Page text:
Researching boxing bodies in Scotland: Using apprenticeship to study the embodied construction of gender in hyper masculine space
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SourceGender, Place & Culture: a Journal of Feminist Geography, 24, 7, (2017), pp. 939-953
Article / Letter to editor
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Gender, Place & Culture: a Journal of Feminist Geography
SubjectInstitute for Management Research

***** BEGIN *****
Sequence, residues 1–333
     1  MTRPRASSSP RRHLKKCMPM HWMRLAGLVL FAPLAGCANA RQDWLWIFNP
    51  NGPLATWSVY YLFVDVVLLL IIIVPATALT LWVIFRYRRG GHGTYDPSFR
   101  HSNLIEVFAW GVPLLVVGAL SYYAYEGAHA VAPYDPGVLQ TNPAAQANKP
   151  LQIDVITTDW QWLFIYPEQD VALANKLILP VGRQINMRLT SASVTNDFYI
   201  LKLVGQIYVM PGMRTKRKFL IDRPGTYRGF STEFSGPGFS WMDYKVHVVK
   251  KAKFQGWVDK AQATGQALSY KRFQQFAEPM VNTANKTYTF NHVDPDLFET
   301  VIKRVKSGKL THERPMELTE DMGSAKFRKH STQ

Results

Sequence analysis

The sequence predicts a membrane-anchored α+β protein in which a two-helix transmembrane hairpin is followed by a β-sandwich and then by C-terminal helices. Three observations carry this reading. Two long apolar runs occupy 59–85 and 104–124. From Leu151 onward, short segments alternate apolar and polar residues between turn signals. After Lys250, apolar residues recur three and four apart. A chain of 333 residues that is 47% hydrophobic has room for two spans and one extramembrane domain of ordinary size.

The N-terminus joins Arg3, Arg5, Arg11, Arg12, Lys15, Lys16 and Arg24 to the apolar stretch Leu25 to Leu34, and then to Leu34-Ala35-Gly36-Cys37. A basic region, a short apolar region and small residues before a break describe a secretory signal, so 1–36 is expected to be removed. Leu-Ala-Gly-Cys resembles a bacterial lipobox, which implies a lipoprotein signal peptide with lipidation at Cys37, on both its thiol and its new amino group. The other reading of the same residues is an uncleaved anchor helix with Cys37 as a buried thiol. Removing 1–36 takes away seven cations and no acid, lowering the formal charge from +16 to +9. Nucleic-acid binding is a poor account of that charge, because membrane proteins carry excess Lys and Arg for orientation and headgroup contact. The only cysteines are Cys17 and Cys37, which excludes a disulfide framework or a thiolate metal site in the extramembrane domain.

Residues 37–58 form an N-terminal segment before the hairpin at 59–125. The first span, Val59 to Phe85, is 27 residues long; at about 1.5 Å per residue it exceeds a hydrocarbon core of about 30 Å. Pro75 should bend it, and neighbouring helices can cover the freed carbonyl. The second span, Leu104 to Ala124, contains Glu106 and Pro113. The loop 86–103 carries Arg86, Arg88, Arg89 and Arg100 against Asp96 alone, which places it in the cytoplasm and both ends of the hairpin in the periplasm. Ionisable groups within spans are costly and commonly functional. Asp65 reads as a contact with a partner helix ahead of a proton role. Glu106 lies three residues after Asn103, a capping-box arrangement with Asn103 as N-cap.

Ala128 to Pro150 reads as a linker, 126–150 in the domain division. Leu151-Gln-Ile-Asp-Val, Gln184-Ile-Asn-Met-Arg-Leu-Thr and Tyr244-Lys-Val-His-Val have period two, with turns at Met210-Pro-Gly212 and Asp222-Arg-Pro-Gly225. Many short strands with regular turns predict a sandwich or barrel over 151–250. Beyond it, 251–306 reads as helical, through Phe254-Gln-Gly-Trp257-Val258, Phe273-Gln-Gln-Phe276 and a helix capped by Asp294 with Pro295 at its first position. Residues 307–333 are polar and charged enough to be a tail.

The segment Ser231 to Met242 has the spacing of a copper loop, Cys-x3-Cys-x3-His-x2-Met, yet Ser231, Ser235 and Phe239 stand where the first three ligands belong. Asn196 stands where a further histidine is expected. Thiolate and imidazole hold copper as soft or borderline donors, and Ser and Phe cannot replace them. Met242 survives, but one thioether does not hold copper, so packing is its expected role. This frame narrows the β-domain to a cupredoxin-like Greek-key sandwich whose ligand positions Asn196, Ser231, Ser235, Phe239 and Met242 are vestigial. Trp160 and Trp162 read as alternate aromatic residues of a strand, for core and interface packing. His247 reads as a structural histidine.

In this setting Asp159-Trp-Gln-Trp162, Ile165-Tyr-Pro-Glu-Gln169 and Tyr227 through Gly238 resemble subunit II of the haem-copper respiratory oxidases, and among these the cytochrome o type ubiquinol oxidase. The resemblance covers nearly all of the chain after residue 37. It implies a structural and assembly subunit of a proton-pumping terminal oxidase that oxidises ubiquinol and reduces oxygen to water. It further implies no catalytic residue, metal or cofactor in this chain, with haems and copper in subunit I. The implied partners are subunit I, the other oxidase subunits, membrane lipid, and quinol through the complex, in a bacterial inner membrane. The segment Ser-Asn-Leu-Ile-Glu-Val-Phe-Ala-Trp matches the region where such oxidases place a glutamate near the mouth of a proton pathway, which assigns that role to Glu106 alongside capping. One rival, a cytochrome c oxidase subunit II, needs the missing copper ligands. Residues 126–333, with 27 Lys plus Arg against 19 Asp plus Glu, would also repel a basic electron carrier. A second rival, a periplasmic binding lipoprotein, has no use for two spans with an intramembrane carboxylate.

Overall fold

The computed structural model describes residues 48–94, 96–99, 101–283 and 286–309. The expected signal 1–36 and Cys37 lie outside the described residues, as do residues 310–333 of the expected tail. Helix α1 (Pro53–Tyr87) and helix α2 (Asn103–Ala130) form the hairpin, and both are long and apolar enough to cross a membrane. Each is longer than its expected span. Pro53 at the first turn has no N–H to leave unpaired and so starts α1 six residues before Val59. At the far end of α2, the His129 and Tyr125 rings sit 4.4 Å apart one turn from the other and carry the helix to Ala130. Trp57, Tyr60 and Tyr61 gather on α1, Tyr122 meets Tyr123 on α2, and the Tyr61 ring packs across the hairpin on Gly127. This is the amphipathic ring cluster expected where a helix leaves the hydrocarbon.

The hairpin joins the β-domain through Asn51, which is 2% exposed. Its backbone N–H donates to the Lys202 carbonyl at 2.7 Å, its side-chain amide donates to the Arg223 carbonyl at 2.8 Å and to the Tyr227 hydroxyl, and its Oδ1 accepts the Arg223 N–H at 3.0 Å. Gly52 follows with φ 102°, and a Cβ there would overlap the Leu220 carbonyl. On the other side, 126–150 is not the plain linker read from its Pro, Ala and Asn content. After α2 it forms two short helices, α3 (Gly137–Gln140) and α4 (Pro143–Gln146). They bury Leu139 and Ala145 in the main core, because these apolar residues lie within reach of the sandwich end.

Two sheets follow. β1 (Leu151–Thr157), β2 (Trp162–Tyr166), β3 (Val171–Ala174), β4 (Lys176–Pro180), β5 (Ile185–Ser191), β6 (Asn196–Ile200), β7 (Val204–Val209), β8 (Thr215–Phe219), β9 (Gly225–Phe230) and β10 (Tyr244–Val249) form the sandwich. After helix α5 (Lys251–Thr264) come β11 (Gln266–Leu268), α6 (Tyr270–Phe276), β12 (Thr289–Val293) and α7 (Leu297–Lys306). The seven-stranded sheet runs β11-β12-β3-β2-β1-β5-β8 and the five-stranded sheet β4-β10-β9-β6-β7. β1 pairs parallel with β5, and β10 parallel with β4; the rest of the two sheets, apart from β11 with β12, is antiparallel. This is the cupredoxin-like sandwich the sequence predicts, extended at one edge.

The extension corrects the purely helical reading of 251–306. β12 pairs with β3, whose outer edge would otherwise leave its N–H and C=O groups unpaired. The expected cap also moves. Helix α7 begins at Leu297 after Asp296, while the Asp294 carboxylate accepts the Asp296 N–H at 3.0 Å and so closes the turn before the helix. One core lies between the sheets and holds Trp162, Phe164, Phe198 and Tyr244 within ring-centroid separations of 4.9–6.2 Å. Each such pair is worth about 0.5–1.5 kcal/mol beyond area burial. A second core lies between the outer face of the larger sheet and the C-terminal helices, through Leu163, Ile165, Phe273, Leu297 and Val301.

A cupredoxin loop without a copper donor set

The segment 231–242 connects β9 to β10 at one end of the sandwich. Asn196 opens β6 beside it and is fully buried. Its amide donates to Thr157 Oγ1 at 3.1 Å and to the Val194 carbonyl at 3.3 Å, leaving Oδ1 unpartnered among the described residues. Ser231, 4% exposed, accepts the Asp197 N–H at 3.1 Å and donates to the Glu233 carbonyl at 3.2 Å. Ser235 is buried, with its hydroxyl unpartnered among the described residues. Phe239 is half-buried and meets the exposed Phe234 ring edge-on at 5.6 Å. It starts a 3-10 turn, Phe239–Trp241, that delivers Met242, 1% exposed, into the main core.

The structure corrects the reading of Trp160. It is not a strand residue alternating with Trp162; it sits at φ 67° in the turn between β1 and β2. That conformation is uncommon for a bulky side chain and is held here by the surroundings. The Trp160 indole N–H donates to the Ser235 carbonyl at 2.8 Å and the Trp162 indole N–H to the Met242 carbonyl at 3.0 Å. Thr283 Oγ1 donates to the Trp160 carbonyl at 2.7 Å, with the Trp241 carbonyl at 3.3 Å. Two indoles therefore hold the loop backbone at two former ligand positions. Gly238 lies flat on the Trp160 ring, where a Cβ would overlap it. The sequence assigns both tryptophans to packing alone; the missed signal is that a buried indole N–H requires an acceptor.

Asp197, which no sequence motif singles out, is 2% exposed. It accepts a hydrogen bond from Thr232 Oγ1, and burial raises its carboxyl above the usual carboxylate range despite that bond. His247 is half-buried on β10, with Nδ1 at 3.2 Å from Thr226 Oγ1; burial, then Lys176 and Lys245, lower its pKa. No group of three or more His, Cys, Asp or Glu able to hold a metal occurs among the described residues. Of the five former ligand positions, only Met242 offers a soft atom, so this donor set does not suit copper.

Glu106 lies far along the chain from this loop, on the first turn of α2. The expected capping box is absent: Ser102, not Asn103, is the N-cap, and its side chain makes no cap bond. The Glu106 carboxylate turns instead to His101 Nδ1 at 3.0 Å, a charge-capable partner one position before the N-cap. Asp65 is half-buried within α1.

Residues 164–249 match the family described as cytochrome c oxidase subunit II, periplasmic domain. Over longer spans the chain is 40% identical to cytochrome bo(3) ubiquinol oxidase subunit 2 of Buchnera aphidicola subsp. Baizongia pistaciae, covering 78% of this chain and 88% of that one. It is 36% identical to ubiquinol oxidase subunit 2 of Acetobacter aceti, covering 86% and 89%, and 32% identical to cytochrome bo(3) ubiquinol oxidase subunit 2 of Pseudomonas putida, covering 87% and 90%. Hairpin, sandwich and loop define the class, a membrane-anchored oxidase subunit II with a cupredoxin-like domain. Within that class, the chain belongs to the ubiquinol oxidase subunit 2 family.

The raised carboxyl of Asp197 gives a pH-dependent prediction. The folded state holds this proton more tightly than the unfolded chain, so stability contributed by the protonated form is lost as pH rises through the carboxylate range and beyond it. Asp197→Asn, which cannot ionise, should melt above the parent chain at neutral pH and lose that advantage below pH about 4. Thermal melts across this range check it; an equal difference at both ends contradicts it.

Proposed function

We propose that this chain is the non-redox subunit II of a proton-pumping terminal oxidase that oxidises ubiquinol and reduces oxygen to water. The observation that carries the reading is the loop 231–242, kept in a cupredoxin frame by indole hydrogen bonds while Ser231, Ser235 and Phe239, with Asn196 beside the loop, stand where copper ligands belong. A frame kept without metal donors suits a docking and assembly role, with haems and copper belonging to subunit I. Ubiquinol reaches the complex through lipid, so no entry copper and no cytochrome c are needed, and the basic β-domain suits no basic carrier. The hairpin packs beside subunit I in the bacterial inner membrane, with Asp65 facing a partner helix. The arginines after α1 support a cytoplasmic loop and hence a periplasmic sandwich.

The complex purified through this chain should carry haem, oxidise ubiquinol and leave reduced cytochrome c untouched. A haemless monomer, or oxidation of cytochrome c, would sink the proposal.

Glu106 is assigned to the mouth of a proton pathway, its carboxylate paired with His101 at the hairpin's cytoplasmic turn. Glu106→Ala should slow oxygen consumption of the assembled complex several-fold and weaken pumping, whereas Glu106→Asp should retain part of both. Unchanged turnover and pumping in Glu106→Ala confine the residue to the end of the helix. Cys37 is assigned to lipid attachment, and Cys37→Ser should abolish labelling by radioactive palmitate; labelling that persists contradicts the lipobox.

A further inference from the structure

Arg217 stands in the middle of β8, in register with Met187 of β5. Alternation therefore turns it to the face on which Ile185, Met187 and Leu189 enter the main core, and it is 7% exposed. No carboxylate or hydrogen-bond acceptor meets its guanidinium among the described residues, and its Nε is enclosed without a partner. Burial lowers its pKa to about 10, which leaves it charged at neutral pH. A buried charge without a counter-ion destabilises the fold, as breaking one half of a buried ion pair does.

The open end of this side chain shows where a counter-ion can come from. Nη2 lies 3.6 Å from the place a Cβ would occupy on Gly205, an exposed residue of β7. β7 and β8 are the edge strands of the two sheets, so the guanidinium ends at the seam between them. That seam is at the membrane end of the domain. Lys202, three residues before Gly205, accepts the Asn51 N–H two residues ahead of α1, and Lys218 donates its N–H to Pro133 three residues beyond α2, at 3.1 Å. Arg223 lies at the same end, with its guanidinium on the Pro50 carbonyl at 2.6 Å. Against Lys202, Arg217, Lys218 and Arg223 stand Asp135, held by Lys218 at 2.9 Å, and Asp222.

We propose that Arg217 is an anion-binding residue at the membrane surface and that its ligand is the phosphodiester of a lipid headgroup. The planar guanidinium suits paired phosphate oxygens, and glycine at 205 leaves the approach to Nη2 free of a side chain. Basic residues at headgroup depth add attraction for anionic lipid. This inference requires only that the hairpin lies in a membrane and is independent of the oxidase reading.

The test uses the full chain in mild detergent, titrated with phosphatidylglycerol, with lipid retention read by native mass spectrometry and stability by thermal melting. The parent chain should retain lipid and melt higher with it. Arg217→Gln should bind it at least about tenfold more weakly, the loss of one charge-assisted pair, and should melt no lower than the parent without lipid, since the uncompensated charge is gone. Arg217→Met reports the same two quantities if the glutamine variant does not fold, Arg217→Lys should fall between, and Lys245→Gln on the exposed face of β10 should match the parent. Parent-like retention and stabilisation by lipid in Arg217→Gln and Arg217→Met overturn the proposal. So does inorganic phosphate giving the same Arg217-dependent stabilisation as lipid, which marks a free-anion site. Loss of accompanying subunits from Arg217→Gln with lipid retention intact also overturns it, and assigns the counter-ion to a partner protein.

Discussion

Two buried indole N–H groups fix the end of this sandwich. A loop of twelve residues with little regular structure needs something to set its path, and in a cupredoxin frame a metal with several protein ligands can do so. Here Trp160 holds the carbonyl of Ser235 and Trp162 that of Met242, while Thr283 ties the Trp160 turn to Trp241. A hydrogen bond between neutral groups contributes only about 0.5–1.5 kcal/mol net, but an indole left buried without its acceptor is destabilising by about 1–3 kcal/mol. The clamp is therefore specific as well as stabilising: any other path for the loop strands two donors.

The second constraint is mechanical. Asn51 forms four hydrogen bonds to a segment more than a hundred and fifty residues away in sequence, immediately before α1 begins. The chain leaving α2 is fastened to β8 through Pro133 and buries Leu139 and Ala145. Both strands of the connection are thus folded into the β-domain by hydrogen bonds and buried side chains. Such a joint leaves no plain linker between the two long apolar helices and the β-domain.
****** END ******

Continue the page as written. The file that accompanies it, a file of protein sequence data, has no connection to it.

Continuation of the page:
This article presents apprenticeship as an ethnographic method suitable for researching topics concerning gender and space. To use this method, the researcher takes up a practice, such as a sport. Emphasis lies in understanding one’s topic ‘by body’, and the article argues that such an embodied perspective sheds a new light on gender construction in the boxing gym. An empirical study of female amateur boxers in Scotland, conducted by the author, herself a competitive female boxer, reinforces the argument. The position of an embodied insider offers the researcher a unique vantage point with regard to various contrasting processes of gender construction on different scales, such as the body, embodied encounters and the gym. By giving attention to the transformative power of bodily practice, apprenticeship focuses on possibilities for, resistance to, and transformation of, gender norms in hyper masculine spaces. The apprenticeship method can therefore enrich geography’s understanding of the role of physical practices for gender construction in different spaces.
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